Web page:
South London Gallery is a small but perfectly formed bastion for the contemporary arts. Its latest show, by the artist Heman Chong, is an exploration of exchange – how ideas and information are passed consciously and unconsciously between participators.
The main room of the gallery exhibits a piece entitled Monument to the people we’ve conveniently forgotten (I hate you), which is made up of one million all black business cards scattered across the floor, over which the visitors walk. The work speaks of repetition and excess, but in a futile way. The work envelopes you in a space of blank information – it’s a sea of dark and heavy matter which has no value, and cleverly dissects the contemporary love for people to procure business cards in a pseudo-allying of interests. Everyone has a stack of cards they received, whether in business or social meetings, that never get glanced at again.
On the walls of this room is another work, entitled Surfacing, for which the artist provides a number of luminous orange stickers with loose instructions on how they are to be installed. Each time the work moves from one show to the next, the instructions become interpreted differently thus creating an every changing, ever evolving work. Its thought provoking – everyone has their own cultural constructs affecting how they interpret things.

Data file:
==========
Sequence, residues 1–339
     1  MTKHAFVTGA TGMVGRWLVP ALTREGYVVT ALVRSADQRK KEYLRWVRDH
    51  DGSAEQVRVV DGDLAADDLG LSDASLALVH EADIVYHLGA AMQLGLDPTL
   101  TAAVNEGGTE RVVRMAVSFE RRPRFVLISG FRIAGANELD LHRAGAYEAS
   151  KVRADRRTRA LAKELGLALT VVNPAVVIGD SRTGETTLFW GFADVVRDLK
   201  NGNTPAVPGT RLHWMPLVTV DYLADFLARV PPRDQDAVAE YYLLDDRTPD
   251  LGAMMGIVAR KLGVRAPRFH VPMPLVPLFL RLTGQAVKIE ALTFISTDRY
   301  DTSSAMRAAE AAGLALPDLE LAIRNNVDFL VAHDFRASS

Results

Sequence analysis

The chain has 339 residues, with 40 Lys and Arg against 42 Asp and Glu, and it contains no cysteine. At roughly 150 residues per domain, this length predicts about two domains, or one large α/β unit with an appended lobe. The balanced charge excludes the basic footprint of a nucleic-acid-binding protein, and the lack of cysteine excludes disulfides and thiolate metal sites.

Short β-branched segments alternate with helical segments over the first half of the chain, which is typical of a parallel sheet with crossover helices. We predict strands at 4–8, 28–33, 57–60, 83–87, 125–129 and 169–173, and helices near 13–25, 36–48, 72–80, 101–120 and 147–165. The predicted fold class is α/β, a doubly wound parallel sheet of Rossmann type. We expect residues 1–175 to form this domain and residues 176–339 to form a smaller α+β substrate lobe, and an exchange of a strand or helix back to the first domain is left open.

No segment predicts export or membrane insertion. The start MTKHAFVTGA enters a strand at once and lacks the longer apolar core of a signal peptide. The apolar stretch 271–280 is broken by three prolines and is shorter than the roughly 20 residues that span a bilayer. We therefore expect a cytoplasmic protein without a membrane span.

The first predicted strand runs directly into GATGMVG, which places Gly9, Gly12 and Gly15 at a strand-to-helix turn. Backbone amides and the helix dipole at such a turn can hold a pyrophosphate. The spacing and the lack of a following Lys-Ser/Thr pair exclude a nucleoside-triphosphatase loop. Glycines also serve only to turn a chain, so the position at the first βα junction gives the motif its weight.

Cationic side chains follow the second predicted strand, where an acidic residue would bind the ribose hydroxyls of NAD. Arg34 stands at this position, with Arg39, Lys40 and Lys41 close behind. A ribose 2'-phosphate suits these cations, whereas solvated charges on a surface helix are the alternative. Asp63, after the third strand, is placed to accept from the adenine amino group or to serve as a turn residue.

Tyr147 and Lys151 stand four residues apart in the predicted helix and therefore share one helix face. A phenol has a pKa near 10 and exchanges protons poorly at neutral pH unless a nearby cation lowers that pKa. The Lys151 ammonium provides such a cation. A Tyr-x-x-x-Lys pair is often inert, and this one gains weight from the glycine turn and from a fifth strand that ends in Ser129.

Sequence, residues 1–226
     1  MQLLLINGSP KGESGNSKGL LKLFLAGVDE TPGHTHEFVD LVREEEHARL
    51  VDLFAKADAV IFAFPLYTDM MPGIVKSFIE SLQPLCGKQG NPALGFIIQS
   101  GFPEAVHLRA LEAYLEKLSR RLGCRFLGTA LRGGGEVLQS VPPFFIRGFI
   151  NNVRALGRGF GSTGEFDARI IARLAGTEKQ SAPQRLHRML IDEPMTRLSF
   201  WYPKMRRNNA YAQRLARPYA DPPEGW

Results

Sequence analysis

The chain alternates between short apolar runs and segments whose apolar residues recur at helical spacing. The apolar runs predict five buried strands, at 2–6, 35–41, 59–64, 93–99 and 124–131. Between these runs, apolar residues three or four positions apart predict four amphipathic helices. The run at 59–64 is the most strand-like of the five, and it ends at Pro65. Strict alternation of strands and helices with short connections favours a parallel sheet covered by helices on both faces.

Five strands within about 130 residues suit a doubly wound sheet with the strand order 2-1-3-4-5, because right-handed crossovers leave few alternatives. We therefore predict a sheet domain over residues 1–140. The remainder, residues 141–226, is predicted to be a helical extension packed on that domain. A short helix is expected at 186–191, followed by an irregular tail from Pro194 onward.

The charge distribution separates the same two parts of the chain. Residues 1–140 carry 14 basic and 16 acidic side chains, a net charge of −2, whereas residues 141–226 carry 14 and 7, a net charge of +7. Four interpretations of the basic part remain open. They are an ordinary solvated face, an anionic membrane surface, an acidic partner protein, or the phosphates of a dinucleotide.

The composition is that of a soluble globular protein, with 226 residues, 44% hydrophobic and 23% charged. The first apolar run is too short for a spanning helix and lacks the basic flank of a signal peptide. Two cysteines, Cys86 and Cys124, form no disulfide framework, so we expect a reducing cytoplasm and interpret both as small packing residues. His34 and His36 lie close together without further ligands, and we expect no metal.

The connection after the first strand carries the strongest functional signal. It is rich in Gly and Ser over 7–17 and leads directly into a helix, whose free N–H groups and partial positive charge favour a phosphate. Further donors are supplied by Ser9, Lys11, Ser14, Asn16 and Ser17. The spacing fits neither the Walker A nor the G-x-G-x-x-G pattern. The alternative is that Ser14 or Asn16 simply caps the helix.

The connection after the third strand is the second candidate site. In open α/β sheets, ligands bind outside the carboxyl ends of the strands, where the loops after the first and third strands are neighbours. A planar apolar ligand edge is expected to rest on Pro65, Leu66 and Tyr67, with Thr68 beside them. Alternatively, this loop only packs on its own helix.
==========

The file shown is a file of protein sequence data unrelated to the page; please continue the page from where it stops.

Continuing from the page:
A sign hangs on an adjacent wall reading “THIS PAVILION IS STRICTLY FOR COMMUNITY BONDING ACTIVITIES ONLY.” These exact words were copied form a sign the artist encountered while in Singapore. It speaks of an authoritarian voice – people are designating what is good and what is not, and in this case the good is community bonding – but in its new context, it seems an alien thought amongst a sea of works questioning interaction.
The main room is cordoned by a rope half way across – at first it appears to be a security rope – a boundary beyond which the public may not pass, yet this is another work by the artist. It cleverly denotes censorship, authority and social cophesion. Every Wednesday at 1pm and 5pm a performance takes place around this rope, where a different participant is taught by an instructor to memorise and recite a 500 word short story written by the artist and only ever transmitted by word of mouth.
In the museum gift shop, second hand copies of books by authors such as Albert Camus, are for sale. Again it addresses the theme of the transmission of ideas – but in this environment, it goes a step further, raising ideas of authorship and what constitutes an artwork.
Heman’s work is extremely poignant – its hardly subtle, but clear and pragmatic in its execution. It makes for appealing viewing, and if nothing else, makes you think about how you interatic with both the physical people around you, and those who hold influence.
By Toby Mellors
Heman Chong – An Arm, A Leg and Other Stories, 11 Dec 2015 – 28 Feb 2016, Admission Free, http://www.southlondongallery.org